The dividing circuit operates in a similar manner to the multiplying circuit shown in FIGURE l. The charge from the capacitor y causes the output signal of amplifier 24 to increase until the trigger level of the circuit 26' is reached. The Schmitt trigger y26 triggers and operates the relay 23 to discharge the capacitor 11. rl`he discharge of the capacitor 11 decreases the output signal of the amplifier 24 below the trigger level of Schmitt circuit 26 and causes the Schmitt circuit to assume its other stable state. I
As pointed out above, the capacitor 11 is larger than capacitor 10 in a dividing circuit. Thus each charge from the capaci-tor 11 will be equal to several charges from the capacitor 10. The exact relationship between the value of the two capacitors will depend upon the desired range of the circuit and the scaling factor. The proper choice of values can be made by those skilled in the art once the desired parameters are set. For example, the following lvalues have been found satisfactory for a variation in the scaling factor from l to 1 to 30 to 1:
Mf. Capacitor 10 .01 Capacitor 11 .25 Capacitor 25 2.00
and if V1=1.5 volts and V2=10 volts C3=2.5/ 1.5 or 1.66 mf.
=While the above invention has been described with relation to particular operations, it obviously can be used to supply an output frequency that bears a fixed relation to an input frequency regardless of the source of the input frequency. In addition, it is clear that the circuit can be used to not only multiply or divide the input frequency but also to accept a second variable for varying the output frequency in relation to both the input frequency and the second variable. Thus the circuits have the large utility of many types of operation. Accordingly, the invention should not be limited to the particular system described.
I claim` as my invention:
1. A frequency multiplying circuit comprising:
a capacitance bridge having first and second capacitors disposed to be charged and discharged in electrical opposition;
a first source of voltage for charging said first capacitor and a second source of voltage for charging said second capacitor;
an operational amplifier, said amplifier having a capacitor disposed in its feedback circuit;
switch means conected to said rst capacitor for alternately connecting said Ifirst capacitor to said first source of voltage and said amplifier, said first switch means being operated at the frequency to be multiplied;
a second switch means connected to said second capacitor for alternately connecting said second capacitor to said second source of voltage and said amplier;
a trigger circuit, said amplifier being coupled to said trigger circuit;
a pulse gate, said trigger circuit being coupled to said pulse gate to open the gate whenever the trigger circuit fires, a source of fixed frequency reference pulses coupled to said pulse gate, said pulse gate transmitting said fixed frequency reference pulses whenever the gate is opened;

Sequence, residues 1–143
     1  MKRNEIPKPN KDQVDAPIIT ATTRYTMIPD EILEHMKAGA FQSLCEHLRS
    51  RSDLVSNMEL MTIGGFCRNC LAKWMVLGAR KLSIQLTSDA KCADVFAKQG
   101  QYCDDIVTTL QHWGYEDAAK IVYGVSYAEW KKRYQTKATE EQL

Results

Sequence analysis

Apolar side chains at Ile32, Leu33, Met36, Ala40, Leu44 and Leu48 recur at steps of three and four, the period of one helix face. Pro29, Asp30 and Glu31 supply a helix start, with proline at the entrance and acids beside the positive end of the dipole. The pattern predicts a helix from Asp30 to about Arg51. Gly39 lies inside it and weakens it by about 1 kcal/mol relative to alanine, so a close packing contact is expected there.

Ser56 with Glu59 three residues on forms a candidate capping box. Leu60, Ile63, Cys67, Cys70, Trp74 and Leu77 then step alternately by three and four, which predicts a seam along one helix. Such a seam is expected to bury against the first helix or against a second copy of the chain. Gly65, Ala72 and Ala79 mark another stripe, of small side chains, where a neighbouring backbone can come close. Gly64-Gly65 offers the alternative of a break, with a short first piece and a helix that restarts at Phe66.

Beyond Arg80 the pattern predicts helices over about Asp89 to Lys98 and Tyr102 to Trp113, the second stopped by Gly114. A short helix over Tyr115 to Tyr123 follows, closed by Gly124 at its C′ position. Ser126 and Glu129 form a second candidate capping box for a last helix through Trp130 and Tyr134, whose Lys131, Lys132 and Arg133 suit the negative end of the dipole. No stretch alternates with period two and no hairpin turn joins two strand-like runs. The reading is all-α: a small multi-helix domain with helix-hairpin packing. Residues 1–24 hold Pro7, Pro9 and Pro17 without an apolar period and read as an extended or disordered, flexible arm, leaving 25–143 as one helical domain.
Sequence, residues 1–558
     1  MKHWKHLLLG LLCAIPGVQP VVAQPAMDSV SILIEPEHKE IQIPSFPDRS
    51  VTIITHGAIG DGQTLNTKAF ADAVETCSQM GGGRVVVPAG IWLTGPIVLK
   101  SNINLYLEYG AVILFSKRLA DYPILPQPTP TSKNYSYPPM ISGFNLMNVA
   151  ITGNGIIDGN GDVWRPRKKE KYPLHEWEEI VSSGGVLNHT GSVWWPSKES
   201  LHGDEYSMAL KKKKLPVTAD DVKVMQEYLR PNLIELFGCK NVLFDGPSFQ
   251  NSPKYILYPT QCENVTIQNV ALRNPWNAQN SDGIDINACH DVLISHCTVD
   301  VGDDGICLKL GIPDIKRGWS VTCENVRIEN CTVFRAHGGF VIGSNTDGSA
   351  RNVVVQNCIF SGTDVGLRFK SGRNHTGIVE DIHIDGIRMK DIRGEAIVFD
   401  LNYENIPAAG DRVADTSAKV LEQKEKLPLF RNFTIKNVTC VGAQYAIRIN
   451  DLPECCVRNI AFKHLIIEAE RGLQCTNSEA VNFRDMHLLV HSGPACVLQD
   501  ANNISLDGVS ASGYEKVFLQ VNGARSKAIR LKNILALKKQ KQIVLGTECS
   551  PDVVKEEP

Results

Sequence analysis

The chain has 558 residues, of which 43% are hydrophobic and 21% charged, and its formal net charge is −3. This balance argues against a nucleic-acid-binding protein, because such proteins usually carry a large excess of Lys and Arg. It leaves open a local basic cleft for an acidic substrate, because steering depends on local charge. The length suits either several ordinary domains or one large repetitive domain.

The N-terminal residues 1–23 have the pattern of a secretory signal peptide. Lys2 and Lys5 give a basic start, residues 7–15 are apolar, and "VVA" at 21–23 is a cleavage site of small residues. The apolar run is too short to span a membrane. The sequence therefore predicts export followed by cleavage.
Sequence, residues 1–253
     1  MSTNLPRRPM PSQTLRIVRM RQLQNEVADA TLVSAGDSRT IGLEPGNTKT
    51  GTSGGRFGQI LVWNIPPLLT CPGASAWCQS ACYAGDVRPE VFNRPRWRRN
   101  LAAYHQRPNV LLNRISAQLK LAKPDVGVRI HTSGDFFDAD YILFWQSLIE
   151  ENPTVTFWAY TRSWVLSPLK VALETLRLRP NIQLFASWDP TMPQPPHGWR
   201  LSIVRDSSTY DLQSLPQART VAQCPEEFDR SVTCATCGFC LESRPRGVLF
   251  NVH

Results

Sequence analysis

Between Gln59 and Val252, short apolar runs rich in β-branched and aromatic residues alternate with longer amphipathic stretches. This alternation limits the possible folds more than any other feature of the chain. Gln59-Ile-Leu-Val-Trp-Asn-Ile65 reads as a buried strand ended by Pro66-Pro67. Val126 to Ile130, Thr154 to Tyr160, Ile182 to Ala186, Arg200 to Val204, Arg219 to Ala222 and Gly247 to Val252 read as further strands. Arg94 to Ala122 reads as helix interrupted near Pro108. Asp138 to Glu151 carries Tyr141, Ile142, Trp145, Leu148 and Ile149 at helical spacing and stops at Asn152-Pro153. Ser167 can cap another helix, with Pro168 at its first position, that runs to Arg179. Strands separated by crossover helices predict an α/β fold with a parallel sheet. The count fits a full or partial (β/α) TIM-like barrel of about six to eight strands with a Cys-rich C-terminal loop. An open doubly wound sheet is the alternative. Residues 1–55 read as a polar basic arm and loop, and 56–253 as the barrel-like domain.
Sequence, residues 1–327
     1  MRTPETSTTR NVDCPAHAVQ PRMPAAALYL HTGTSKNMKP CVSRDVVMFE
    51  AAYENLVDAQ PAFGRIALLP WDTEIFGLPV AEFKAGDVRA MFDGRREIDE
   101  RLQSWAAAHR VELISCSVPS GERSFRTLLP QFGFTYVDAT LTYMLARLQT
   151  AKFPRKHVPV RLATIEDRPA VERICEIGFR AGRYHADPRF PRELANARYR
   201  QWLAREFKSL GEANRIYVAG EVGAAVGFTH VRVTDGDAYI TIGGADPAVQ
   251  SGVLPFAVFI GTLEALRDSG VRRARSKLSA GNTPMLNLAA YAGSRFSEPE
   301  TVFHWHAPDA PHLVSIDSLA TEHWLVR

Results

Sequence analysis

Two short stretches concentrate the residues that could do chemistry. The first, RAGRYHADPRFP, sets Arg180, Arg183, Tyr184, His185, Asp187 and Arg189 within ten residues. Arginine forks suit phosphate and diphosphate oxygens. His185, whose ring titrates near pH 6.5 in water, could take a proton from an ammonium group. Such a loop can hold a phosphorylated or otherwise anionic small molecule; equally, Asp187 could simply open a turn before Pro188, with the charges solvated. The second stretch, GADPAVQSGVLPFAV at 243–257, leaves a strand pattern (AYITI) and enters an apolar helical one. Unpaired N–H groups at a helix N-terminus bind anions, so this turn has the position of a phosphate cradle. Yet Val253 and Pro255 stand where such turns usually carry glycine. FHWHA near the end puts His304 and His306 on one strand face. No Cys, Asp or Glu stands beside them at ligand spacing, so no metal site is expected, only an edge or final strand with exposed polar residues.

said pulse gate being coupled to said second switch means to operate the switch means in response to the reference pulses transmitted by said pulse gate whereby said reference pulses transmitted by the pulse g-ate are equal to the multiple of the frequency over a finite time interval.
2. A circuit for supplying an output frequency related to an input frequency by a real number, said circuit comprising:
a capacitance bridge circuit having first and second capacitors, said first and second capacitors being disposed to be charged and discharged in electrical opposition;
first and second Ivoltage sources;
an amplifier, said amplifier having a capacitor disposed in its feedback circuit;
a first switch means, said first switch means being coupled to said first capacitor to alternately connect said first capacitor to said first voltage source and said amplifier, said first switch means being operated ,at said input frequency;
a second switch means, said second switch means being coupled to said second capacitor to alternately connect said second capacitor to said second voltage source and said amplifier;
a trigger circuit capable of changing from a non-conducting to a conducting condition when the input voltage reaches a predetermined level, said trigger circuit returning to a non-conducting condition when the input voltage drops below the predetermined circuit being coupled to said coupled to a monostable multivibrator circuit, said mono- 7 stable multivibrator circuit being coupled to said second switch means.
4. The -circuit of claim 3 wherein a pulse gate is disposed between the trigger circuit land the multivibrator and a source of lixed -frequency pulses is coupled to the pulse gate.
5. The circuit of claim 2 wherein said first and second capacitors are of unequal sizes, said first capacitor being larger than said second capacitor.
6. The circuit of claim 2 wherein said second capacitor is larger than said rst capacitor.
7. The circuit of claim 4 wherein a counter means is coupled `to the pulse gate to count the number of fixed frequency pulses passed by said pulse gate.
References Cited UNITED STATES PATENTS RUDOLPH V. ROLINEC, Primary Examiner. 10 P. F. WILLE, Assistant Examiner.
Us. c1. X.R.